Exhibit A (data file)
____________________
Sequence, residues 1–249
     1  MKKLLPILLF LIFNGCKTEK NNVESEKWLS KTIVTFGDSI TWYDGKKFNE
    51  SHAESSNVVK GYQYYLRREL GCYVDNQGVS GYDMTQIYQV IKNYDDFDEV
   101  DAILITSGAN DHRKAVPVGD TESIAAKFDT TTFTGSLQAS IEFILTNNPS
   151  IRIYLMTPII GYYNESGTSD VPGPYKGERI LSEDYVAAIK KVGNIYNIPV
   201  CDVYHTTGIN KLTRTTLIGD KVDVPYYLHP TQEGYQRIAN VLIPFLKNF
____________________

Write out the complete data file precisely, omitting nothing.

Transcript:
Sequence, residues 1–249
     1  MKKLLPILLF LIFNGCKTEK NNVESEKWLS KTIVTFGDSI TWYDGKKFNE
    51  SHAESSNVVK GYQYYLRREL GCYVDNQGVS GYDMTQIYQV IKNYDDFDEV
   101  DAILITSGAN DHRKAVPVGD TESIAAKFDT TTFTGSLQAS IEFILTNNPS
   151  IRIYLMTPII GYYNESGTSD VPGPYKGERI LSEDYVAAIK KVGNIYNIPV
   201  CDVYHTTGIN KLTRTTLIGD KVDVPYYLHP TQEGYQRIAN VLIPFLKNF